After an absolutely horrible summer of severe drought and high temperatures that had lingered on into early October, a cool, but dry, front had finally arrived just in time for us to have a glorious couple of days—top-down weather! So we put the top down and got out jackets, hat, scarf, lap-afghan, sunglasses, and sun-screen! Off we went. We took a few photos along the way, but not the usual 100's per day; like I said, this was a trip to enjoy the road.

We drove northwest of New Braunfels and eventually got on Purgatory Road which has hills, curves, and some dips that made for a most excellent introduction for us to the fun this little car will be on such drives. Then we ended up near highway 281 which is a major road back to San Antonio, and DH wanted to take me back to the mall we’d not had time for yesterday, so we drove south to North Star Mall. There I had no luck in my clothing search for a couple specific things, but it was fun, and then we ate at the Cheesecake Factory. DH had never been to one. Our lunch of salads and soup was good—best mushroom soup ever maybe—and then, of course, some dessert. We chose to split the Godiva cheesecake and it was–well, I don’t have another word for delicious!

We drove back up 281 and took a right onto Rebecca Creek Road which has even more curves and hills than Purgatory; DH’s driving prowess was quite evident. The weather was absolutely perfect for a convertible this day; this is a whole new experience for us, and this was a good initiation! Then we wandered around a bit. We had our Garmin “Sheila,” a not-too-detailed map, and some suggestions/directions from DH’s forum-friend, but these didn’t always match up, so sometimes we did a little re-calculating of our own. We found the River Road which runs along and back and forth over the Guadalupe River. On this fall weekday this was a marvelous, unbusy ride; we imagine during peak-tubing times, the traffic would be prohibitive to any sort of drive-for-the-enjoyment, though! Then we drove through Gruene at a slow cruise but decided not to stop; this is a great historic area worth a long visit, but not for us this day. Back to the hotel for a short rest and re-group.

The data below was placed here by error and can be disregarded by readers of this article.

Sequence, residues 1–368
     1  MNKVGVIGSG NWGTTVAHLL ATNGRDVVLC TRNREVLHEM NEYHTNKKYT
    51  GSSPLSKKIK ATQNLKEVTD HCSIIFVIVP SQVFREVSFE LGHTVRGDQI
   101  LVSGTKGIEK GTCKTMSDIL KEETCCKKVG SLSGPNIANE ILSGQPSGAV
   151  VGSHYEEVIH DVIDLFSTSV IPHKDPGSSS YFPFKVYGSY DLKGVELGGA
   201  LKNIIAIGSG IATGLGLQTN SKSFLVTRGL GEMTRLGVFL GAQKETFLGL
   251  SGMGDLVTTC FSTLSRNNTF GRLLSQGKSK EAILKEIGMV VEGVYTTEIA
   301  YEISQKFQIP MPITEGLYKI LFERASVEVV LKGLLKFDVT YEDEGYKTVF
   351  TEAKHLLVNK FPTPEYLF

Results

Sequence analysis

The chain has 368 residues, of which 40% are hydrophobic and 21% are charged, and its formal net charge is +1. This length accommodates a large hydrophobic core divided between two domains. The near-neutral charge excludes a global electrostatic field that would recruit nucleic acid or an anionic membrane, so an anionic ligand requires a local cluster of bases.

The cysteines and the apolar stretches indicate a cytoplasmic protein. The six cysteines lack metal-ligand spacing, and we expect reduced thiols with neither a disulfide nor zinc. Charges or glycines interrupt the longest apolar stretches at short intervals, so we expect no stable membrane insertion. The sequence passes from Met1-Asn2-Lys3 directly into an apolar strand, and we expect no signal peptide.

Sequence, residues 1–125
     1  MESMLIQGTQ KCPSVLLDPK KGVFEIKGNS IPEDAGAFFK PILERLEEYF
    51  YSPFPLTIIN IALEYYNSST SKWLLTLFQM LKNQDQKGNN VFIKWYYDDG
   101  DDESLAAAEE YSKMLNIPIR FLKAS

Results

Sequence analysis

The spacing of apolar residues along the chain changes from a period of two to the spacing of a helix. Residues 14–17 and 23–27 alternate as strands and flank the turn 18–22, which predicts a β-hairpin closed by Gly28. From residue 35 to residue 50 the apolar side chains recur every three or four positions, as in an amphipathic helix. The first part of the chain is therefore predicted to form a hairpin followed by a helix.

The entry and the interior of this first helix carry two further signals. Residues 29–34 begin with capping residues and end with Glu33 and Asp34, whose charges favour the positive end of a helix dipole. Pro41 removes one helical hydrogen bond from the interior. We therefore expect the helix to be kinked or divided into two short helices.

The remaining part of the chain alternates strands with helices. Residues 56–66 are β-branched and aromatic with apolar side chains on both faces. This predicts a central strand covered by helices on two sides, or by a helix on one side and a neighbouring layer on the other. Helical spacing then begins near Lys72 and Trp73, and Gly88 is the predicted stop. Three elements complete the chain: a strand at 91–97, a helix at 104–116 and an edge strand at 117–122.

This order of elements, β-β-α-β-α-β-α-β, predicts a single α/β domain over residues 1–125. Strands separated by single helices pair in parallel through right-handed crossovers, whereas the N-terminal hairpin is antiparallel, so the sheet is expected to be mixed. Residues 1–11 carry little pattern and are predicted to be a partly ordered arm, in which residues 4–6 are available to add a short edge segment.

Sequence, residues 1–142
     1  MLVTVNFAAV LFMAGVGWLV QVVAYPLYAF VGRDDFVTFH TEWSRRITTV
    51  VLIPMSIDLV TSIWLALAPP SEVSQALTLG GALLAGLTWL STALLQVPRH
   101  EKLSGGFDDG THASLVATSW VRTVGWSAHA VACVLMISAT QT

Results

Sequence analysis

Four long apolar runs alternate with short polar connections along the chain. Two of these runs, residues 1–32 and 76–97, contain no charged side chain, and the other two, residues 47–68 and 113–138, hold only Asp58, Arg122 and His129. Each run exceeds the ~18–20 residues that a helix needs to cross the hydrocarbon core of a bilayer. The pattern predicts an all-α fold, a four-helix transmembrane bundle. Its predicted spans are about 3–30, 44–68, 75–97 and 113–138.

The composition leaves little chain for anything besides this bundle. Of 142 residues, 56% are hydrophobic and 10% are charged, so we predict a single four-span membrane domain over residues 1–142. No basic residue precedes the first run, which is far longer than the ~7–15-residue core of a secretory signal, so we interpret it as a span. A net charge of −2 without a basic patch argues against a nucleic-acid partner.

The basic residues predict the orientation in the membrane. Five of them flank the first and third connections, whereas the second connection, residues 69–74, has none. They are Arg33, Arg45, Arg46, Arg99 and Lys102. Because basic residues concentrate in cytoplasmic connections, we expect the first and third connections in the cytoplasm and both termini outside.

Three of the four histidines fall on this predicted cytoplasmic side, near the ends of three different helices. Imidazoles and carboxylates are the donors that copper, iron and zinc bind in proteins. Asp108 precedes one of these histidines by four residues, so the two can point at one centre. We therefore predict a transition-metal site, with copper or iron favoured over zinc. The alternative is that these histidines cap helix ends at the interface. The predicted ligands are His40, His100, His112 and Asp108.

The San Antonio Miata Club (the Bluebonnet Club) meets monthly on Tuesdays and a member had invited us, so we decided to do that instead of staying around New Braunfels. We drove back to Big’z which is a hamburger-and-more place on Loop 1604, where we were met by a policeman on a bike waving us into designated parking for Miatas. Nice reception! Big’z is a great place spread all over a hill with several dining areas including a patio and a separate room, where we were, as well as a big playground for kids. Good burgers, too. The club members were very welcoming and we enjoyed our time there. We got back to New Braunfels about 9:30, and after all the driving/riding, we fell asleep pretty early.

Day 3: And slept, for us, pretty late. We ended up not seeing much of New Braunfels this trip, but it is still a great little town, and for us this time a great base for our driving adventures. I found some tea in the coffee-making supplies in the room, so we each had a small cup to ward off the grumpies before we ate! We left late morning and drove north, stopping at Cracker Barrel in San Marcos for an early lunch. (I’ve been eating at Cracker Barrels since there was just the original one in Manchester, Tennessee, and then a few more in east Tennessee, and we find them consistent and a good value for “chain” food.) Then on up I-35 to Austin. In the Ransom Center on the UT campus there is a Gutenberg Bible on display; DH has seen 2, in the British Library as well as in Mainz, Germany, and had tried unsuccessfully to see a few others (Frankfurt, Bodleian Library, Trier), so he wanted to view this one. With the help of “Sheila,” we parked and walked a block to the Center where the Bible, as well as the first photograph, is in the lobby in a small but well-done display. There was also a temporary exhibit on banned books and censorship, so we spent about an hour perusing the exhibits before heading back down I-35 (lovely day again, but top up) to arrive home by dinner-hour. A good time was had by all!